Do school board directors have any idea what the “high stakes tests” like the SBAC are really like?
On April 2nd 2016 we emailed EVERY school director in SWW this document: SWW_School_Board_SBAC_Policy
In this document we challenge them to take the 8th grade practice testing for SBAC and share their scores with us so we can share them with the public. The old adage “If it’s good for the goose it’s good for the gander” is true. How can the people in charge of demanding students take an exam that has no validity, no proof of value, has no benchmarks, can’t be compared to any past test, takes precious time away from teaching, adds costs and creates stress….for no value…how can those “leaders” make the demand?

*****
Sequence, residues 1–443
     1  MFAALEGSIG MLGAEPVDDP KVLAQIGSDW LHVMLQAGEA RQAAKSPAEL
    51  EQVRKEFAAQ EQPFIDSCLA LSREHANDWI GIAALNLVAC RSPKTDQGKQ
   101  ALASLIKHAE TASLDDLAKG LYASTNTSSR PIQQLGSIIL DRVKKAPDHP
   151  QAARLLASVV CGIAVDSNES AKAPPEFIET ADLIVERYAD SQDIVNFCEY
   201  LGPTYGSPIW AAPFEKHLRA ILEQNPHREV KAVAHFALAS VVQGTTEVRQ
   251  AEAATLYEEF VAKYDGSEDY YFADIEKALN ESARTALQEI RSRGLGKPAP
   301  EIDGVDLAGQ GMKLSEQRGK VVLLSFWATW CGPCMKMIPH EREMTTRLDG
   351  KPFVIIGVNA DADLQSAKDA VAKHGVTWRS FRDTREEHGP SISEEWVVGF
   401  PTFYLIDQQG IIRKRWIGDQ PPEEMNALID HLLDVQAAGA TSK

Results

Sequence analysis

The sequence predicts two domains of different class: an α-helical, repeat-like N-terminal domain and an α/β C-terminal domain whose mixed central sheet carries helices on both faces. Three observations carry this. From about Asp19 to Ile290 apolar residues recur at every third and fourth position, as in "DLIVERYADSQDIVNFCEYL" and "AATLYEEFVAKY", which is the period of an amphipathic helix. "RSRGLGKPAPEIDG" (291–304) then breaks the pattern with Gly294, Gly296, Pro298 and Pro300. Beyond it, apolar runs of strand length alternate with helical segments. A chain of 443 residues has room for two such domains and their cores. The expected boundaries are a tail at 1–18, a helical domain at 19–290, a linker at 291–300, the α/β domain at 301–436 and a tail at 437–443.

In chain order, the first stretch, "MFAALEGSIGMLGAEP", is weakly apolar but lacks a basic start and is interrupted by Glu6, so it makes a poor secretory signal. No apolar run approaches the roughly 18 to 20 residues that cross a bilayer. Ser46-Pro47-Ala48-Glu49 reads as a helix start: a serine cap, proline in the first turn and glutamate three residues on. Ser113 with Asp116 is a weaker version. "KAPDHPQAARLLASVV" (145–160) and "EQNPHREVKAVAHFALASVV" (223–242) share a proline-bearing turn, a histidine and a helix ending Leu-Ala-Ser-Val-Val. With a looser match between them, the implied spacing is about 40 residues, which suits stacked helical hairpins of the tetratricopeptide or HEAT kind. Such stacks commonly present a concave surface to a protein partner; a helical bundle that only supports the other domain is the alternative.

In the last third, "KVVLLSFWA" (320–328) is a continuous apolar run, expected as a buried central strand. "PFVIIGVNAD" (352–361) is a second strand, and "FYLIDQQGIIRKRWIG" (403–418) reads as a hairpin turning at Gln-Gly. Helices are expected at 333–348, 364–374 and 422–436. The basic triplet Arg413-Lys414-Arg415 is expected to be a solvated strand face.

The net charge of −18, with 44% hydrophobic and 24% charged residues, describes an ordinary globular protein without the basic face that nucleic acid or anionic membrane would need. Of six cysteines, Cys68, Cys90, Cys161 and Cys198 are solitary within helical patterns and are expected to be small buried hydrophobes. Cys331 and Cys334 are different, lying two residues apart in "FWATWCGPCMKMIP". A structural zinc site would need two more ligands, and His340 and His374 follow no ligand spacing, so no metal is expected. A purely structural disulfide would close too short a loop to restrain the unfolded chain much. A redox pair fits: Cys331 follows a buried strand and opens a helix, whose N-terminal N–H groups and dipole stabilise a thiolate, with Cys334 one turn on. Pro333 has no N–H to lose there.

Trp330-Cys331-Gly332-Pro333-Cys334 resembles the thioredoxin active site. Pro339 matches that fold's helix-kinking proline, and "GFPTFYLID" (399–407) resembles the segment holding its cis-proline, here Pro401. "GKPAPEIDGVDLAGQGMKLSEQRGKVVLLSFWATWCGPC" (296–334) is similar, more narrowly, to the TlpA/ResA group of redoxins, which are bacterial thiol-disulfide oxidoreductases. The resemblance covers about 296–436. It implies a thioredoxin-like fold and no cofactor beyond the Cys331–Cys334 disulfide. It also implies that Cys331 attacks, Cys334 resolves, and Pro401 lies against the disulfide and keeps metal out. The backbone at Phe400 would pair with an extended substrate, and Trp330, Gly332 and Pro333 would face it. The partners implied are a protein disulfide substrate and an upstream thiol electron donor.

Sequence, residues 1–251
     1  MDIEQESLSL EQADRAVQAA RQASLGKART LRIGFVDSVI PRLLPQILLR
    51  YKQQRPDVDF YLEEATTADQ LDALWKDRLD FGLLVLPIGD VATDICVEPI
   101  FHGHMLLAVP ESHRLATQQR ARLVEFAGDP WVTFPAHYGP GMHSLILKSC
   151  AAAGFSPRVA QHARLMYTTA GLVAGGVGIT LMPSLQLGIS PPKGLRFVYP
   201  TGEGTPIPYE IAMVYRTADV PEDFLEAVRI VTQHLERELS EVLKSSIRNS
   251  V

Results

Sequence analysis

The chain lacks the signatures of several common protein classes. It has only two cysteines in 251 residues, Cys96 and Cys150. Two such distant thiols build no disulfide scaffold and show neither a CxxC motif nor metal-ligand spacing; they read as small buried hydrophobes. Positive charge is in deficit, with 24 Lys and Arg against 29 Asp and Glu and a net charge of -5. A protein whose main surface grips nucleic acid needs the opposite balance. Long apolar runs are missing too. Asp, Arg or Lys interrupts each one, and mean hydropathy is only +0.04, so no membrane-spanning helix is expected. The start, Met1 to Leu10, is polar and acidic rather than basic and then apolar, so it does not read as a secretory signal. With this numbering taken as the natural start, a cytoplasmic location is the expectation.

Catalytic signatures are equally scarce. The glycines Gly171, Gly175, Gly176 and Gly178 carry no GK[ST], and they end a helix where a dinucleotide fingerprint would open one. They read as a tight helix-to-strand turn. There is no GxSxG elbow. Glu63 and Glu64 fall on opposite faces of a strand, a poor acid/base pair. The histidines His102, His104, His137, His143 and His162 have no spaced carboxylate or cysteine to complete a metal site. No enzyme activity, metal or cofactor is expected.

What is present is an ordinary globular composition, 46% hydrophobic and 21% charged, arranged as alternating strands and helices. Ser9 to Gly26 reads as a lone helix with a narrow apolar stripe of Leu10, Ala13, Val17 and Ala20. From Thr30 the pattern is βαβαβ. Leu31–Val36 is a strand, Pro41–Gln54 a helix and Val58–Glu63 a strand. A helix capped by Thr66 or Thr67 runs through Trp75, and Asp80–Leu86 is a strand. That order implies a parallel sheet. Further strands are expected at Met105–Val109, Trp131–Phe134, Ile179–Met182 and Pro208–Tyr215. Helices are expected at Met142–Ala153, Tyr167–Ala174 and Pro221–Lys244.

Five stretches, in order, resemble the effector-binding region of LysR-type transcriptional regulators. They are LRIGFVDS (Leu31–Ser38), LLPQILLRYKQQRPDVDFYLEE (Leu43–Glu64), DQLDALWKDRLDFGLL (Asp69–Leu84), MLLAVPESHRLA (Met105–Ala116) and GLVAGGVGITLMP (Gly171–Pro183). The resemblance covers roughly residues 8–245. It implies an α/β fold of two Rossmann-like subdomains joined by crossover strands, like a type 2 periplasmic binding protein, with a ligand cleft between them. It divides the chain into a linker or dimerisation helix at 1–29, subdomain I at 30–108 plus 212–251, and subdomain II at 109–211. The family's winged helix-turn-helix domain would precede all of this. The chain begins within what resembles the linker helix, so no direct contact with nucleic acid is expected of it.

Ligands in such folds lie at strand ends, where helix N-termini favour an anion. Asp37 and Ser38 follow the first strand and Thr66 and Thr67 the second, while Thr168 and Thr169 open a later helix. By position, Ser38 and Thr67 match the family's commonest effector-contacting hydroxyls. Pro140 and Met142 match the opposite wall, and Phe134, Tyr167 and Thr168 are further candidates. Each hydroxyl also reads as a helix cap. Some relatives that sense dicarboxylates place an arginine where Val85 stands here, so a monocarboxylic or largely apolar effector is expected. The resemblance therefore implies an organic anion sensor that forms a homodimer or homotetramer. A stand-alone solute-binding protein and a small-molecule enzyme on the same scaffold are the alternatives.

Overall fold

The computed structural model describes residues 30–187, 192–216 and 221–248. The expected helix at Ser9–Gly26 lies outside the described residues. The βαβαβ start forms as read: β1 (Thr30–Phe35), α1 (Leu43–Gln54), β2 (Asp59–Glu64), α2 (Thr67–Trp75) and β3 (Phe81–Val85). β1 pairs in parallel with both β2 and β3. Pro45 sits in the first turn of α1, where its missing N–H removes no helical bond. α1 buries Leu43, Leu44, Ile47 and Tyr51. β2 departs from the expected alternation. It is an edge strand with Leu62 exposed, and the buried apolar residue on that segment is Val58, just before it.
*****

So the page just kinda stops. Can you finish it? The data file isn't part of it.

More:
If you agree with us then please reach out to your local school board directors and “DEMAND” that they walk the talk…when you do let us know your thoughts and the response.
March 26, 2016 This is a Common Core testing link update. The following links will take you to examples of the CC testing questions:
Stand for Children – Washington from their blog post Jan 29, 2016
Nine Reasons Why Assessments Matter
In this blog post the group lays out nine (9) reason why high stakes testing is needed, important and of value. We choose to disagree with their reasons and share our thoughts.
The following is a partial post from another blog site. The link to the full article is in the title above. It will take 5 minutes to read but well worth your time. This is a School Board member who stepped away from the group and pursued truth on his own.